Writing with Power: Finding Voice in NextGen

Jun 21st, 2019 | By | Category: NextGen Louisville, Summer 2019

by Akwelle Quaye

Akwelle Quaye (Louisville, KY) just finished her freshman year at Carnegie Mellon University. In her spare time, she loves to write poetry and practice hand lettering.

Being a part of the BLTN NextGen Leadership Network has opened me up to a world of amazing opportunities, a world that has taught me more about myself. Before NextGen, I was losing hope. I felt as if I was too young, in too small of a place, and without enough resources to change all the problems I found in my community. Now, I know how to make practical changes, using any resources I can get my hands on to help even one person. I’m also learning to use my voice to network and spread awareness about issues plaguing our communities. NextGen took me from a person who wanted to help to an activist who is creating positive change.

When I joined NextGen in 2017, I had no idea of the drastic change I would go through as a social activist, writer, and person. I can thank the amazing people I met and connected with for helping me grow into a kinder and more patient person. Whether it was a sweet boy from Lawrence who showed me how I could use my poetry as both a personal outlet and a loudspeaker for issues impacting my community, or listening to Dixie Goswami speak on how important it is for young people to initiate positive change around the community, I was inspired by the people around me to work hard and create a positive environment for young marginalized people like me.

NextGen invigorated me and continues to do so every day. I’ve long been very passionate about issues that affect me, an upper-middle class black girl. However, meeting people from different socioeconomic classes, different ethnic backgrounds, who all had different struggles, made me realize how much work needs to be done in so many different communities. Making friends from all these communities has inspired me to want to help in any way I can, to create a world where all of us people, regardless of who we are, can thrive.

My writing has also grown substantially while being part of NextGen. Before I joined this network, I was writing pieces, but I felt I was writing mostly for school, and the little bit of writing I did outside of an academic piece had no meaning to me: I was just purging my thoughts. During my first NextGen conference, I experienced a shift in the way I looked at writing. I remember during one of our sessions we were told to write about our favorite color. I wrote a short piece about the color yellow, and how it grew to represent happiness and light in the face of darkness. When I read this piece aloud, I saw the way people were moved–they could relate to the complex past I’d just conveyed. From that moment on, I knew that even if I was writing about something as simple as my day, it was possible to write in a way to inspire and connect with others.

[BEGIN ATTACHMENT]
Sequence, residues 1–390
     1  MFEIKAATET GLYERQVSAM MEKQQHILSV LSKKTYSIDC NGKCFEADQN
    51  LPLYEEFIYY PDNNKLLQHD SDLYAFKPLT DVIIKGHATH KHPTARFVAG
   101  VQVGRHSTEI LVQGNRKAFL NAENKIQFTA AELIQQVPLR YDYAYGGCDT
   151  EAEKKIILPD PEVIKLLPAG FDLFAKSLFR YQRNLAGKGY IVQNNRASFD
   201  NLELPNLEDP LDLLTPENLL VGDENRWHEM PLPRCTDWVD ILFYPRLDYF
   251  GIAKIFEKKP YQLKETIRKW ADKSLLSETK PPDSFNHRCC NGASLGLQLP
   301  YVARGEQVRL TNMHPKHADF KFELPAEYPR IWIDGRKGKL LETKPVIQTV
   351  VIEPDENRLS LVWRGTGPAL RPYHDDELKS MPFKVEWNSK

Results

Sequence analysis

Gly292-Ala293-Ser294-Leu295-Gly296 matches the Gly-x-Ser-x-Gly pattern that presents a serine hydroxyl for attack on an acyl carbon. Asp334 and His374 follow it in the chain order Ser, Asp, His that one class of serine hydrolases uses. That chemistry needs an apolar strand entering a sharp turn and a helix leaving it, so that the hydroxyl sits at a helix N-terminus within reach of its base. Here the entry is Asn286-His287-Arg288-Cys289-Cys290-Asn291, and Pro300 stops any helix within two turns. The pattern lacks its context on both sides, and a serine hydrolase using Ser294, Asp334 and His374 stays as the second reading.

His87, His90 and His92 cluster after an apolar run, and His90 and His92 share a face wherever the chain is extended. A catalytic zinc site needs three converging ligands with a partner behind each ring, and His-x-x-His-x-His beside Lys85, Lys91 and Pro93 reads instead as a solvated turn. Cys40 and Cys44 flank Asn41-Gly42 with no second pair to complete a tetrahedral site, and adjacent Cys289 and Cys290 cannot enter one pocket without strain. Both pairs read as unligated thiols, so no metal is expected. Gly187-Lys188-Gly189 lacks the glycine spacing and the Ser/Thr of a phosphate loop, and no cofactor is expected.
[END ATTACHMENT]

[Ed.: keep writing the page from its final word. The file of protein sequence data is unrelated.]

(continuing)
After that first conference, I wrote with purpose. I began to write pieces as a catalyst for change. My goal was to invoke the strong feelings of  turmoil and pain I felt in those who could help me change these feelings for better ones. My first project as a member of NextGen was an anthology of poems detailing my experience as a black girl in the United States, and I was able to reach out to some of my past teachers who didn’t realize the implicit racism present within their classrooms. Here is an excerpt from this anthology of poems:

“My people are destroyed for lack of knowledge.”
What I’ve been through.
I don’t want my grandchildren to go through:
self-hatred
isolation
confusion.

It starts with us.

Let’s do more to
douse the ever changing flame
of racism.
We can teach.
We can bring life to new things.
We can give each other tours of the world.
We can give each other harmony.

Knowledge brings us together.


Having that type of tangible influence on my community was astounding to me. I didn’t think I was able to have that type of impact through my writing, but NextGen made me realize this was possible. Almost two years after that first conference, I still work every day to make small changes in my community, whether it’s being the Community Service Chair in my school’s chapter of National Society of Black Engineers or continuing to write poetry about the things I see around me. Without NextGen, I wouldn’t be an optimistic person, ready to change the world.

Sites DOT MiddleburyThe Middlebury site network.